If new Palmetto Senior High School band instructor Kennan Torgerson’s name seems a familiar one to students and parents, there is a good reason.
Several years ago, the passionate multi-instrumentalist taught parttime at Palmetto Elementary and, although his position ultimately was eliminated due to budget cuts after just a year, he has maintained ties with the community.
“From my year at Palmetto Elementary, I became friends with the music teacher and have been connected with several of the students through private lessons,” he said. “Many of my private students have had success making it into the Superintendent’s Honors Music Festival, represented Dade County in Florida All-State ensembles and have earned college scholarships. Though I’m officially working in the Palmetto area again, I never really left.”
Torgerson — whose primary instruments are saxophone, flute and clarinet — earned his bachelor’s degree in music education and teaching credential at California State University in Fresno (commonly referred to as Fresno State). Upon completing his undergraduate education, he performed with the Disney All American College Band (Anaheim 2005) and twice toured Japan with the second production of the Tony Award-winning musical Blast!: Music In Extreme in 2006 and 2008.
It was there that he met his wife, Katie. They moved back to Miami, her hometown, and he began teaching as a substitute. After Palmetto Elementary — where he taught kindergarten, second grade and orchestra — he spent a year teaching music at Phyllis Wheatley Elementary School in Miami’s Overtown area.
In 2009, he began studying at Florida International University and earned a master’s degree in jazz performance, receiving a scholarship as the graduate assistant for FIU’s marching band. Leaving FIU with his degree in hand, he took a job for three years teaching music and running the band program at Palm Springs Middle School in Hialeah.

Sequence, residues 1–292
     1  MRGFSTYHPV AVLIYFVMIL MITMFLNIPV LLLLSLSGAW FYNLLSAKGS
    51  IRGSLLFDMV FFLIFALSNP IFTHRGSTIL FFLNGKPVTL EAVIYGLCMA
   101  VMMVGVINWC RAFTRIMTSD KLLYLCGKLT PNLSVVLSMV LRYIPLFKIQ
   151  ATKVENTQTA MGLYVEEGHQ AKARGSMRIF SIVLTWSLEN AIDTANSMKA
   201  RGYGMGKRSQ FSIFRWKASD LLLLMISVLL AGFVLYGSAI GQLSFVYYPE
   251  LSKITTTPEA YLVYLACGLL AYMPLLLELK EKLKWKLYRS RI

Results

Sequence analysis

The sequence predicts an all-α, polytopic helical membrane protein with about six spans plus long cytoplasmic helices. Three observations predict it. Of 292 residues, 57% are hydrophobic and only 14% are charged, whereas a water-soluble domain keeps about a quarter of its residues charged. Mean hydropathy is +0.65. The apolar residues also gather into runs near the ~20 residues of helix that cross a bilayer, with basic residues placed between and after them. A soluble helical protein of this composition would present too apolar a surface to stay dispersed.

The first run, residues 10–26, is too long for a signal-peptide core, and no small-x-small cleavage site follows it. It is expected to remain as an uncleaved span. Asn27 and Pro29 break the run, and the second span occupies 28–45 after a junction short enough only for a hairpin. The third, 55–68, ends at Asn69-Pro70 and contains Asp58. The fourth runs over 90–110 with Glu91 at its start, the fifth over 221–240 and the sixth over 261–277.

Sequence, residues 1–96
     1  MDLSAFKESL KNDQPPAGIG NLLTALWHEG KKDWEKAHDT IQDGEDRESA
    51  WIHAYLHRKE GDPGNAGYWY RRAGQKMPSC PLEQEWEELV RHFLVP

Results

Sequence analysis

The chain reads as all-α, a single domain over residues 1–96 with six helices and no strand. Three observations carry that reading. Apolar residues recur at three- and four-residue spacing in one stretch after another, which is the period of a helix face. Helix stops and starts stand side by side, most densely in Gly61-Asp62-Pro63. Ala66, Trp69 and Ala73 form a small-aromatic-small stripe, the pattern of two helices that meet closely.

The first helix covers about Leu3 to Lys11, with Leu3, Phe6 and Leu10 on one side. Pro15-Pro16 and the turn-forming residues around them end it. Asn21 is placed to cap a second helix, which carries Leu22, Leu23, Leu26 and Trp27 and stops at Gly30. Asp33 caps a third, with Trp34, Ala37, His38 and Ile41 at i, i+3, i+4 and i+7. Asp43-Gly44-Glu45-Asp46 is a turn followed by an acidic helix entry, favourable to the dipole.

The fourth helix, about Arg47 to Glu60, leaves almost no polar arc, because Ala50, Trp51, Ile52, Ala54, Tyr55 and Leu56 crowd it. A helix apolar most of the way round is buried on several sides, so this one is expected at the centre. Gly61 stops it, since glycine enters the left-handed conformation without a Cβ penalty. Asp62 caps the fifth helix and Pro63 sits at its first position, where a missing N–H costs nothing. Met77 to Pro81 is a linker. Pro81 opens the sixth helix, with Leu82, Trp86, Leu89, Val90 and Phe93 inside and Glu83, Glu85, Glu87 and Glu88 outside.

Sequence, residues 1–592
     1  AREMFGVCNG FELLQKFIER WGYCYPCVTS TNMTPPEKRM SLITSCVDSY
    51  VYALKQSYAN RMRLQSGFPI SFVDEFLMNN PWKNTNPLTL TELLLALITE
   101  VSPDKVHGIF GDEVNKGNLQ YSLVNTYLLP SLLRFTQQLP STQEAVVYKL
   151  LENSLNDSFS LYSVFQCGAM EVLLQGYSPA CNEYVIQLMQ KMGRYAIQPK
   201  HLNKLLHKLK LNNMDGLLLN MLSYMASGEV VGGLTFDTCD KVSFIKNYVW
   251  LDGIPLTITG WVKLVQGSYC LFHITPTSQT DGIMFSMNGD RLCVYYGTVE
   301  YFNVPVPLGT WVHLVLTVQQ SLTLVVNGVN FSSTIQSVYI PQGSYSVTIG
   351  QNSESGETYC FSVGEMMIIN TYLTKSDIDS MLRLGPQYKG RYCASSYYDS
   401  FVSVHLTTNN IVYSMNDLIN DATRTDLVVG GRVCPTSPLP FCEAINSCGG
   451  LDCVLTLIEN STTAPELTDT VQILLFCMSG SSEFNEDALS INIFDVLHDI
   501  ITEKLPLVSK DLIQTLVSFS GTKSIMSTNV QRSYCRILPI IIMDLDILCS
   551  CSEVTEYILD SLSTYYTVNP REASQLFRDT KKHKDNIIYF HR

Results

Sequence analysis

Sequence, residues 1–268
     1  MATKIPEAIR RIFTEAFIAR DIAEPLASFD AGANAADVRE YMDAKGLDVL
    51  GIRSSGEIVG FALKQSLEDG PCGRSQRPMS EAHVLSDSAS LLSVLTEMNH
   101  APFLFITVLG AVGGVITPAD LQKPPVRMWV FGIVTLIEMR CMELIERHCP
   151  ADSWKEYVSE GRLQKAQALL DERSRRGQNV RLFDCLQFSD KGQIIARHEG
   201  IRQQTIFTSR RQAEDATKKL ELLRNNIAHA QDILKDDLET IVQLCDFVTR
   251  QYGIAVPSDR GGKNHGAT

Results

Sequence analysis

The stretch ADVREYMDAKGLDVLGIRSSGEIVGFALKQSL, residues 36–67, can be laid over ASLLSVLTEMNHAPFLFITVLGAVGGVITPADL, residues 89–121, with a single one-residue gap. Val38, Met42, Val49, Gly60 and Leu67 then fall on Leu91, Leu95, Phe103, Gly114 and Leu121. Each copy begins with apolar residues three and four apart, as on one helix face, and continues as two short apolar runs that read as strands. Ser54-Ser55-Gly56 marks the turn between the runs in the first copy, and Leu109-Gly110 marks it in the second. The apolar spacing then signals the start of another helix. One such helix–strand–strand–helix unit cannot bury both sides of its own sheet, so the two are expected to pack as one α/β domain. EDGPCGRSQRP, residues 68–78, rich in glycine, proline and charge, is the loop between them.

“Part of my mentality is showing the students how to get better when I’m not there by helping them learn how to critique themselves and be their own teachers,” he said. “I see myself more as a facilitator of learning because, in the end, it’s the student who has to open up to the experience and do the learning. I believe it creates an ownership for them in their development.”
Walking the halls of Palmetto High, he regularly sees former (and possibly future) students elated by seeing their first music teacher still doing what he loves. He recently brought the school marching band drum line to Palmetto Elementary to participate in a charity walk-a-thon. It was like a homecoming for all of them, seeing the old building and their former teachers.
“It was fun, because we got to see all of the teachers that I used to teach with, who some of my current students had classes with back then,” he said. “I got to see some of their younger siblings — some of whom I’ve taught in private lessons. It felt good seeing so many familiar faces.”
Looking ahead, Torgerson is eager to instill the discipline music requires in his students regardless of whether or not they decide to make it their lives’ work, as he did. What is important, he insisted, is that responsibility, reliability, representing the school with pride, all while having fun making music, is what the students should experience through the program.
“A band program develops in students a commitment to their environment and fellow classmates,” he said. “They’re held accountable for things. All of these lessons, these skills they learn, stretch past the music and serve them in anything they decide to do.”